Seven decades ago today, a motley assortment of Germans attempted to kill both Adolph Hitler and the carnage he was overseeing in Europe:
Germany on Sunday honored a group of Nazi-era officers who tried to kill Adolf Hitler 70 years ago. The plot – portrayed in films such as the 2008 Hollywood movie “Valkyrie” – helped establish a principle under which German soldiers today are encouraged to defy orders if they would result in a crime or violate human dignity.
In a somber ceremony, President Joachim Gauck called the July 20, 1944, bombing of Hitler’s Wolf’s Lair headquarters in Eastern Prussia a “significant day in German history” for showing the world that there were Germans who opposed the Nazi regime.
Not everyone who opposed Nazism took such direct and violent action. As Hitler’s regime sought to bring all institutions of society to heel, many German Christians (correctly) resisted the subordination of the Church to the State. Dietrich Bonhoeffer is perhaps the best known leader of these Christians who kept their first allegiance — even at the cost of their lives. He was, however, far from the only one to lose his life rather than his conscience.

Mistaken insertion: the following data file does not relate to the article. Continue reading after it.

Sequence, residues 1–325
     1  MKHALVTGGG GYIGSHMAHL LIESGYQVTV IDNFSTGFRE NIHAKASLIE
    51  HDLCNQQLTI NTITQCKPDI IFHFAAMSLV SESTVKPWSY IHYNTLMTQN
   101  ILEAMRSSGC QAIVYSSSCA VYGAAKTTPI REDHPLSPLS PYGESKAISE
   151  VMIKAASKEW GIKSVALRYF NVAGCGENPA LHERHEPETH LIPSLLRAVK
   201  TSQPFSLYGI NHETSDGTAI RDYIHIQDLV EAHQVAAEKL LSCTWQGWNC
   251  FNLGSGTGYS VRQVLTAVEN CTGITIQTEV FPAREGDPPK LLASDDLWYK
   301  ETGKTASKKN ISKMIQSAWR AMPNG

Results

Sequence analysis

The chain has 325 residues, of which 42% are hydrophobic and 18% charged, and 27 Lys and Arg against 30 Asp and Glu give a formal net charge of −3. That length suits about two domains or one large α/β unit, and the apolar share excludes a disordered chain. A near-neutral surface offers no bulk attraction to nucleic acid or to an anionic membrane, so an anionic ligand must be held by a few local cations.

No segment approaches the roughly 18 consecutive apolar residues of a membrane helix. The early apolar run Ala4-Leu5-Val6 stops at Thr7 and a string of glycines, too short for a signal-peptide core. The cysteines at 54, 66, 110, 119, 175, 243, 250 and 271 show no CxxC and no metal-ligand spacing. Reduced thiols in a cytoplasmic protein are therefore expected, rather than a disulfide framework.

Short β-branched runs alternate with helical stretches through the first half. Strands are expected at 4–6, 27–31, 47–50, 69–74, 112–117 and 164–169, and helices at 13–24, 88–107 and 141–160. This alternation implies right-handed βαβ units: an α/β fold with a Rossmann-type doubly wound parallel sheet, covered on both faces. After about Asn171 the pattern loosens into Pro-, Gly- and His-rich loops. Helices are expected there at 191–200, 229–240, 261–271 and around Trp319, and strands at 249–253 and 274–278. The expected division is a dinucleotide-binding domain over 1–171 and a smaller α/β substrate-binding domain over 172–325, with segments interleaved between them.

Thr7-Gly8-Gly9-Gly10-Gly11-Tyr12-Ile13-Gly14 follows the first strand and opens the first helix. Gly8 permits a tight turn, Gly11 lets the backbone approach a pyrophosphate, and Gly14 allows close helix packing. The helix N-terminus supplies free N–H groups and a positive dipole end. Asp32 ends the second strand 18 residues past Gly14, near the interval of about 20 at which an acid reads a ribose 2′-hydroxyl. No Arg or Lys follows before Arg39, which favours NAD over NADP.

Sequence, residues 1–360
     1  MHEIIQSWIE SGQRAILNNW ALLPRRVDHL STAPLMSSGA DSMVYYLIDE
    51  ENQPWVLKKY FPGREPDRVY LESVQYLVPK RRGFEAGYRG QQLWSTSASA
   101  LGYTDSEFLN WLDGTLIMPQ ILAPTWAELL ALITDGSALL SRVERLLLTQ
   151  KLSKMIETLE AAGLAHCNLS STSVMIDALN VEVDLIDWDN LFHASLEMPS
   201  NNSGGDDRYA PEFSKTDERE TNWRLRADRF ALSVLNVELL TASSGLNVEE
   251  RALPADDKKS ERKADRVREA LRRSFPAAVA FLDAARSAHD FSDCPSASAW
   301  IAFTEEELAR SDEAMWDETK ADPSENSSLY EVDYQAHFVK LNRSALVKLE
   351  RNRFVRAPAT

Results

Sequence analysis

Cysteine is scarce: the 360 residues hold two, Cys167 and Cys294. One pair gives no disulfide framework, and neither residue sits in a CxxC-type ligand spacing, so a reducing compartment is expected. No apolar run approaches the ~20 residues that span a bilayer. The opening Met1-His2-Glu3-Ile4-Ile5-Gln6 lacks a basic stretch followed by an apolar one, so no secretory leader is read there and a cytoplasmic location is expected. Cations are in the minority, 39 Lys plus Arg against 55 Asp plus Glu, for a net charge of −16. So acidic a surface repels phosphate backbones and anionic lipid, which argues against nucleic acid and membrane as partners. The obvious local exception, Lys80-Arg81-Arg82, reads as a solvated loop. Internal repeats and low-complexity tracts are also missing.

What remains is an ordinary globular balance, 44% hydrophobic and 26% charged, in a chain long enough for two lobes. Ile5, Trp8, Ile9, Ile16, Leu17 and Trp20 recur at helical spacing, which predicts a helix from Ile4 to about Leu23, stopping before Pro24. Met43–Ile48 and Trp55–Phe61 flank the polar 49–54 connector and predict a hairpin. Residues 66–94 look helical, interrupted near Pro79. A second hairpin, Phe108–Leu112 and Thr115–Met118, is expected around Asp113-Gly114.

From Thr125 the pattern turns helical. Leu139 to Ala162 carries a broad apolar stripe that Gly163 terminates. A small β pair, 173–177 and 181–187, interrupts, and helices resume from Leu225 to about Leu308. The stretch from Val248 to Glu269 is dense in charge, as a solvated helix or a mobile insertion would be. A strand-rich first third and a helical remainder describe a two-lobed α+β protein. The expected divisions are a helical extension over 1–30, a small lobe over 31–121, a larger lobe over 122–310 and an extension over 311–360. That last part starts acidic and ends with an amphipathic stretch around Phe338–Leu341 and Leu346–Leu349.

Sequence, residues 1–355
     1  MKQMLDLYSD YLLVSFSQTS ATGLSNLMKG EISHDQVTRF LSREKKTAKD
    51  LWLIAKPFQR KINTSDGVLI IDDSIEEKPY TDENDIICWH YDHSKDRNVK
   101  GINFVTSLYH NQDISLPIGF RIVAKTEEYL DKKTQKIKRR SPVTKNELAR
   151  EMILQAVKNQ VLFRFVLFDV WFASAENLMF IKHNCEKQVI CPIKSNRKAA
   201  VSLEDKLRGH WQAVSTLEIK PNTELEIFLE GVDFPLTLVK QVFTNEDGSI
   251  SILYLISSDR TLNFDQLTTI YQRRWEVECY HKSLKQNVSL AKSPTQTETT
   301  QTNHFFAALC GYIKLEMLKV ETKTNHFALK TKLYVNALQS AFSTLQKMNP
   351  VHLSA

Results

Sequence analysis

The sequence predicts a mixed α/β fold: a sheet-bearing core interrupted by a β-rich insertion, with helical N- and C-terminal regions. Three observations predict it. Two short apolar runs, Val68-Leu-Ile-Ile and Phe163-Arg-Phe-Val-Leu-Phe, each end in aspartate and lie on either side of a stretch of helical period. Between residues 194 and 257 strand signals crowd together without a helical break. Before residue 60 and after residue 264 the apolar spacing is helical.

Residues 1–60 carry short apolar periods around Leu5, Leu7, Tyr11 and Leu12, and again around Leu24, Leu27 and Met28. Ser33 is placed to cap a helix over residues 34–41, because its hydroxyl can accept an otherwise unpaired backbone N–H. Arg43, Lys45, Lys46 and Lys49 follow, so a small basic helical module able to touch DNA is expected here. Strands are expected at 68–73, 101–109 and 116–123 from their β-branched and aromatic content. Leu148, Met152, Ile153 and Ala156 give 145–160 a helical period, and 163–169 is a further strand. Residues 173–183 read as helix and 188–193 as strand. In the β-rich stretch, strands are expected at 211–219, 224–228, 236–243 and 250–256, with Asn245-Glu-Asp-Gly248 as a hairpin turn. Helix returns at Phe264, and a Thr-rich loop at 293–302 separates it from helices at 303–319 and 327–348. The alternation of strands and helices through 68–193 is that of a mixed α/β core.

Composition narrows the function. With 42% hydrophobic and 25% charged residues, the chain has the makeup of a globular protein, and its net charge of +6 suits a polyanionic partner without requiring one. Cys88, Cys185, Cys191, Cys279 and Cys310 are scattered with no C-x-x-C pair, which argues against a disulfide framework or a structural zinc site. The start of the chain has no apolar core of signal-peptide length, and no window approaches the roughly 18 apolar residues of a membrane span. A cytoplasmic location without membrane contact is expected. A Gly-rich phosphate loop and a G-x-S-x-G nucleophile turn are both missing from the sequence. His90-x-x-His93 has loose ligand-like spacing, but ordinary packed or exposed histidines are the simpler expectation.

Today–and every day–would be a good time for a two-fold prayer:
1) That we may never face in this land the kind of life-and-death issues of allegiance and conflict between our earthly and heavenly citizenships.
2) That if God permits such trial, we will depend on Him to know what He expects of us as free moral beings, responsible for our actions… or inaction.
We must remember that “the god of this fallen world” has not given up his futile struggle against the Creator. We in the West–particularly America–have been fortunate to be spared many of the most horrific temporal effects of that struggle. Compared to the rest of the world, we are both spoiled and lulled to sleep regarding this issue. But we have no guarantee that will continue… especially as our society continues to wave its own fist in the face of God, determined to proceed under its own ‘wisdom’ rather than His.